… It’s a Yes Vote!

… It’s a Yes Vote!

By Erin Archer

 

It’s been 2 months since the same-sex marriage surveys were sent out to every eligible person in Australia, to decide whether gay people in the country, should be allowed to get married.

During that time the campaigning had been challenging, with controversy from both sides of the “Yes Camp”, and “No Camp”, however with it finally over, there is now statistical evidence that the majority of Australia supports and are ready for marriage equality.

The postal, voluntary plebiscite will be an occasion written in the history books, as almost 8 million people – 61.6% of the turnout – voted Yes to change the marriage act and put an end to discrimination to the LGBTIQ community.

“They voted Yes for fairness. They voted Yes for commitment. They voted Yes for love,” Prime Minister Malcolm Turnbull said.

Australian Bureau of Statistics chief statistician David Kalisch announced the $122 million question in Canberra, confirming the survey had delivered a Yes result.

High profile faces such as legendary Olympic swimmer Ian Thorpe, actress Magda Szubanski and singer John Paul Young lead the celebrations at Prince Alfred Park in Sydney, following the Yes vote prevailing.

The popular LGBTIQ hot spot Oxford Street in Sydney’s CBD was flooded with people waving rainbow flags, as the festivities continued well into the night.

Over in Melbourne, opposition leader Bill Shorten welcomed the result and described it as a ‘fabulous day to be an Australian’.

‘Australians have voted for a generous view of themselves, for a modern Australia, where diversity is accepted, supported and respected,’ he told a marriage equality rally in Melbourne.

 

“Today we celebrate, tomorrow we legislate!”

 

While there was tears of happiness, endless glitter and an array of rainbow outfits for Yes voters following the result, it was a different atmosphere for those in the No camp.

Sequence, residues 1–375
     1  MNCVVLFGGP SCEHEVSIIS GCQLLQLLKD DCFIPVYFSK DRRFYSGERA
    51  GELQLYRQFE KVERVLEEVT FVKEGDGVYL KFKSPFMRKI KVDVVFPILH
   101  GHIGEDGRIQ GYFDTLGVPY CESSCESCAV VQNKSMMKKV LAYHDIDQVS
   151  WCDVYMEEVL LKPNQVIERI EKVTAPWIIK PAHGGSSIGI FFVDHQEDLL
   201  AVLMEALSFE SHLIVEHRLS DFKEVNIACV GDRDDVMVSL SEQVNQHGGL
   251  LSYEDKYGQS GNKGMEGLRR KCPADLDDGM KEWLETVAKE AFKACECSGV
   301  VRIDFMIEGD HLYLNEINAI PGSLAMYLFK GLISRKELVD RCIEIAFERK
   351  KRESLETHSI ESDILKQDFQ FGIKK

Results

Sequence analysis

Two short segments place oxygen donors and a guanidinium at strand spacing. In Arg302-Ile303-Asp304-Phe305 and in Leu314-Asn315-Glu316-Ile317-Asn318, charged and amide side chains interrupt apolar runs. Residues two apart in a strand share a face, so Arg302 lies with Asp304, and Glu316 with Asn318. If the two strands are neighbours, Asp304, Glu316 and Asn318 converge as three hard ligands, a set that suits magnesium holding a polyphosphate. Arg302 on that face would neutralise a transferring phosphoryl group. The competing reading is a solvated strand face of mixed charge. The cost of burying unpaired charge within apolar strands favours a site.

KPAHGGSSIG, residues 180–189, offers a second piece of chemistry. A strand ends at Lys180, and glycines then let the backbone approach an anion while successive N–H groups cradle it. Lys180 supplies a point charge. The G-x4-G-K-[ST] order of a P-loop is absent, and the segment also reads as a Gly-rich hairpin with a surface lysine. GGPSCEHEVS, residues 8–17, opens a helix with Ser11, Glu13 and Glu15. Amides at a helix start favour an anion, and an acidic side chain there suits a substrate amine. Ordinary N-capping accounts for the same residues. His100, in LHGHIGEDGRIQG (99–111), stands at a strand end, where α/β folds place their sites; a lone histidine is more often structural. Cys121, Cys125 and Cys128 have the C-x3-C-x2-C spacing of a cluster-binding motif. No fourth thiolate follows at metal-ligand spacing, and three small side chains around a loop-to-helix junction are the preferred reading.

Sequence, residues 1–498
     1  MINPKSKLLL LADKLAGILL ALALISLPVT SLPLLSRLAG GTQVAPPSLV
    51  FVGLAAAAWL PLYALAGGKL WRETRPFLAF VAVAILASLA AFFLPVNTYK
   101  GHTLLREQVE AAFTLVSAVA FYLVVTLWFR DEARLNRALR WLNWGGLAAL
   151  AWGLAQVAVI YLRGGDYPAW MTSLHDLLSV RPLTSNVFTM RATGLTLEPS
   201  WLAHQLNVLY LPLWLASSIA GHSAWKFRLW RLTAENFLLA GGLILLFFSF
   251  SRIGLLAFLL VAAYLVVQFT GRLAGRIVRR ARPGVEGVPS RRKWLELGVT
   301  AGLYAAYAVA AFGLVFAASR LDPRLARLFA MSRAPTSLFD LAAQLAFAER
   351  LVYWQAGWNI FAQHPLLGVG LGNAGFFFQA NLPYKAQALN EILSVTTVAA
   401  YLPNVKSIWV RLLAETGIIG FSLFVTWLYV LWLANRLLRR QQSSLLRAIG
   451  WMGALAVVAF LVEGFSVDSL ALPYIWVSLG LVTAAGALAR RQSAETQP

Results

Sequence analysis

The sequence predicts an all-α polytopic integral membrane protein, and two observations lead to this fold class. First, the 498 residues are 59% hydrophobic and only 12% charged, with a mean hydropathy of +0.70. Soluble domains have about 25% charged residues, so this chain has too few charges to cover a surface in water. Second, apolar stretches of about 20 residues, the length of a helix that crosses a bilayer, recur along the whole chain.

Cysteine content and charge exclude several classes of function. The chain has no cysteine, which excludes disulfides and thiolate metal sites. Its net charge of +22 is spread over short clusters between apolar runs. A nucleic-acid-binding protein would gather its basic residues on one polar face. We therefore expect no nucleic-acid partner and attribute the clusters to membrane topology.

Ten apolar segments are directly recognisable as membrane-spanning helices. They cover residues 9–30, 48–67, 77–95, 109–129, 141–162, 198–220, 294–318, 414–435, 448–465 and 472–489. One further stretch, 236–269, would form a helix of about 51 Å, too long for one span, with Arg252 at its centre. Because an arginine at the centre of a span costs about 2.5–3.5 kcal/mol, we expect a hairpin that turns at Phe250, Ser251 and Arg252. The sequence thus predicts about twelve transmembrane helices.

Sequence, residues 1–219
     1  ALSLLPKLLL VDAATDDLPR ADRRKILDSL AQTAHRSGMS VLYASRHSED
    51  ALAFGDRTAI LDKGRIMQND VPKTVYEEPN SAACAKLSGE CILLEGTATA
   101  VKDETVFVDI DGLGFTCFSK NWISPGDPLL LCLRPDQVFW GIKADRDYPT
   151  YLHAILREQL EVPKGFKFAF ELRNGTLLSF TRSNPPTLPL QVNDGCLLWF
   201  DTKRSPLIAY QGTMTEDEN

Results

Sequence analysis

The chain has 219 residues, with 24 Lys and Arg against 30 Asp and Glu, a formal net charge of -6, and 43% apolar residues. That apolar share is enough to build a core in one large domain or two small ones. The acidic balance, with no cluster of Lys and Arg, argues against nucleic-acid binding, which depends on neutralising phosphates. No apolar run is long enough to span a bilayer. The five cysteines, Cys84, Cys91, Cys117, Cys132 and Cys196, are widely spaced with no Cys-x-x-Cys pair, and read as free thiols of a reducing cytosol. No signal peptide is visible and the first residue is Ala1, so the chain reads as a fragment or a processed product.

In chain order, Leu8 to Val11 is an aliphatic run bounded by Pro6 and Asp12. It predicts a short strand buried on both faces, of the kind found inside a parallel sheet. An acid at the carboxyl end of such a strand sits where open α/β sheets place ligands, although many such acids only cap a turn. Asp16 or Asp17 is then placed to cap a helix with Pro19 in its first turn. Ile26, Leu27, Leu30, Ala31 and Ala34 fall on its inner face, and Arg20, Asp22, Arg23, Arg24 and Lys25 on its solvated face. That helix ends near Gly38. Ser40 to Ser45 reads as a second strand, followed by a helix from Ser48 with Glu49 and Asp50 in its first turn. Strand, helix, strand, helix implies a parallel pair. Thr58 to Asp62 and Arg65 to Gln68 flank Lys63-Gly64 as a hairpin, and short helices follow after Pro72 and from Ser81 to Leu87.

Well known No advocate, former prime minister Tony Abbott released a statement through his Facebook page thanking the 4.7 million people who supported marriage between a man and a woman.

He asked Parliament to respect the decision, but also make sure there was a bill ‘which implements same-sex marriage with freedom of conscience for all, not just the churches.’

Lyle Shelton, a Coalition for Marriage spokesman, said he was naturally disappointed in the result however would respect the wishes of the Australian public.

In a statement for the Australian Christian Lobby, he thanked the volunteers who door knocked, staffed call centres, held up banners and those who donated.

 

“Despite our loss today, you are not alone – you are part of a large movement of Australians who will always believe the truth about marriage.”

The task now for the federal government is to deliver the clear wishes of the Australian public and legalise same-sex marriage.

Debate got underway on Thursday, after Liberal senator Dean Smith introduced his private senators bill, and gave an emotional tribute to the Liberal Party, and thanked Australia for their support.

Finance Minister Mathias Cormann praised the bill as a good starting point, however held some reservations surrounding the lack of religious protections.

Malcolm Turnbull made the commitment for same-sex marriage to be legalised before Christmas this year, and the Senate has extended hours for its next sitting to make sure the issue is dealt with, by the end of the next parliamentary week on November 30.

The next couple of weeks of debate in the Senate and House of Representatives will be a roller coaster ride, with the Smith Bill read out for the first time on Wednesday, soon after the momentous occasion.

Conservative MP’s will attempt to negotiate various ‘religious protections’ into the Smith Bill, including the possibility of allowing anyone with a religious or moral objection to refuse to participate in the process – including florists, bakers and musicians.

About author

earche04
earche04 45 posts

<p>Erin joined the NRN team straight after graduating from a Bachelor of Communications (Journalism) at Charles Sturt University in 2016.</p>

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